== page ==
Great Jubilee News
Study on the Identity and Challenges of the Catholic Health Care Worker

VATICAN CITY, FEB 9 (ZENIT). - The celebrations for the Jubilee of the Sick, which
officially begin tomorrow and will end next Sunday, were preceded by with a convention of
prayer and reflection for Catholic Health care workers from all over the world. The purpose
was to help these professionals rediscover their own "identity" in their field as Christians and also
to help them understand the "challenges" that the medical profession puts for them at the
beginning of the Third Millennium.

Archbishop Javier Lozano, President of the Pontifical Council for Pastoral Assistance to Health
Care Workers, in his opening remarks, stressed the necessity that exists for the doctor, nurse, or
pharmacist that calls himself a Christian, "to put Christ at the center of medicine, with all its

Faced by the "globalizing" tendency in health care to treat its problems only under the economic
viewpoint, "we propose," affirmed Archbishop Barragan, "a new model for practicing medicine,
that has Christ as its goal, as its end, as its only horizon." In front of a world, he added, that
often sees it harmony destroyed, the response cannot but be fundamental Christian solidarity.

Later, those participating in the convention were divided into four groups (Bishops in health care
ministries, doctors, nurses, and pharmacists) in order to discuss their identity and the challenges
created by the reality of today's world. Today in the afternoon, they began to share their
reflections with the whole group.

Professor Di Virgilio, alluding to the many advances in bioengineering, reminded the audience of
an old saying, "Not all that can be done, should be done." "Faith and the Church are not an
obstacle to technological and scientific advances. The Holy Father repeats this continually. But it
means that scientific progress cannot be like a river that overflows its banks. It needs a guide.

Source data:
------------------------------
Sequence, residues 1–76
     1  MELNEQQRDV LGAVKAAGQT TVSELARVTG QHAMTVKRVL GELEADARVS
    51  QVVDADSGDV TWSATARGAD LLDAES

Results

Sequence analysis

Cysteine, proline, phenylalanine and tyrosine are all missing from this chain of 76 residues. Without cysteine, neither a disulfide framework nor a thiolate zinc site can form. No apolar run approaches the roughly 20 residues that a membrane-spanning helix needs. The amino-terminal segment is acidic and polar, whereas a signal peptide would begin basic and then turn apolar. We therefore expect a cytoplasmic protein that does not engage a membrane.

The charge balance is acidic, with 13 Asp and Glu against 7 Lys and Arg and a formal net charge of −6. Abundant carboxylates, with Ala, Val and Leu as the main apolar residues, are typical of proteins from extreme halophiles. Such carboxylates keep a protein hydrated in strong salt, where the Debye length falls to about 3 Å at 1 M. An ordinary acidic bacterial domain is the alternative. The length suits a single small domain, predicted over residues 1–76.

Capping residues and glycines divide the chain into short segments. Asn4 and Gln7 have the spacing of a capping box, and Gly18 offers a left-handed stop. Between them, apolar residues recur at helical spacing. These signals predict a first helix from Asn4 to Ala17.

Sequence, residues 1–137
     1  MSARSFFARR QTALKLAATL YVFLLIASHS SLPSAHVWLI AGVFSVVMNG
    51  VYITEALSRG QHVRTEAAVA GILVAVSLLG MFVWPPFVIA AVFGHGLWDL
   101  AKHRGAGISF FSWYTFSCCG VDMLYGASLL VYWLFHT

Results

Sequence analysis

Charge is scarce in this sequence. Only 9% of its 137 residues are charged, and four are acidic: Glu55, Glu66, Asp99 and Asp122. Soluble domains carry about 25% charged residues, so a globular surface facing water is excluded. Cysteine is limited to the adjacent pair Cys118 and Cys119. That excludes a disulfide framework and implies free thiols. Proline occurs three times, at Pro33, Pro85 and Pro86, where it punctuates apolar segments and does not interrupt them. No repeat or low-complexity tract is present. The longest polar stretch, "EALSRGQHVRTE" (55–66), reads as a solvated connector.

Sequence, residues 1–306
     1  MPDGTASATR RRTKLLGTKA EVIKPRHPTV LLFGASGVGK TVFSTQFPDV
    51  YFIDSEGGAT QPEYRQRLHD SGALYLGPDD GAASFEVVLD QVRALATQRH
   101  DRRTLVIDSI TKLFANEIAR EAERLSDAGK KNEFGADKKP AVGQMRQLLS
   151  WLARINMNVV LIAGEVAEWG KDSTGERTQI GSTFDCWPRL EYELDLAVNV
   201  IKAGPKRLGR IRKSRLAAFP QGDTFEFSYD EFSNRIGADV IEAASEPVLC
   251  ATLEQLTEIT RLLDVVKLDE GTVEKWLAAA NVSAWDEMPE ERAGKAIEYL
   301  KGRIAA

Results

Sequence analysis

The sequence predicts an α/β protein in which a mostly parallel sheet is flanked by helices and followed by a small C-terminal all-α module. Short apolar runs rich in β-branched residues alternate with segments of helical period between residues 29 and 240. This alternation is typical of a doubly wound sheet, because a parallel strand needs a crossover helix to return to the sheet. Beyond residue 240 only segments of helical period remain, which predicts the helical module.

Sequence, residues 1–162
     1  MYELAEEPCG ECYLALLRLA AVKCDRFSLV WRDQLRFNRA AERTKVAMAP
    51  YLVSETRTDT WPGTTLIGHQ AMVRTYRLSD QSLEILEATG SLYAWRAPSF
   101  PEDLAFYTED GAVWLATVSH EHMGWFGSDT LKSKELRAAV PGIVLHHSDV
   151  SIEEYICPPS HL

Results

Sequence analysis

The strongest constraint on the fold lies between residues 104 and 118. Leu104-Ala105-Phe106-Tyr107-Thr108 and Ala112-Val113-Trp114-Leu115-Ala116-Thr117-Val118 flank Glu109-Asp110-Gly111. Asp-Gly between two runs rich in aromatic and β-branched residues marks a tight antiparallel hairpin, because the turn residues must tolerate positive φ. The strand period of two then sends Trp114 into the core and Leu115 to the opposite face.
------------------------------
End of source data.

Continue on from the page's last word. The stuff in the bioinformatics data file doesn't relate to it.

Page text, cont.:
Any progress directed to the good and to the excellence of man's life is welcome."

Sister Bertilla Lavacone, director of the professional nursing school of St. John's Hospital in
Rome, said, "We see that suffering is the most dominating aspect in a hospital. People speaks of
their own suffering, of their own disease. Some speak of their own misery. I have learned that
people do not ask for anything, but expect much, especially from us who care for him. We
religious, offer professionalism, but most of all that spirit of sacrifice that allows us to be with
them. A smile is a good thing, but what is important is to put yourself in their place, to
understand their loneliness. Often they are abandoned to their luck, at that point we must
intervene, here is where suffering is most painful."

Sister Anabel Mamon, a Philippine student of Sister Bertilla, added, "We are specifically trained
in order to assist the ailing, and on the sickbed we see Christ crucified. The sick person does not
need lots of words or discourses. Treatments and technology are a good thing, but if the ailing
person is left alone, even having the technologies, he remains a lonely patient. What does this
person seek? He looks for somone that will understand him, to be at his side, to help him at that
moment. We also receive much in offering our help -- we learn to give ourselves." .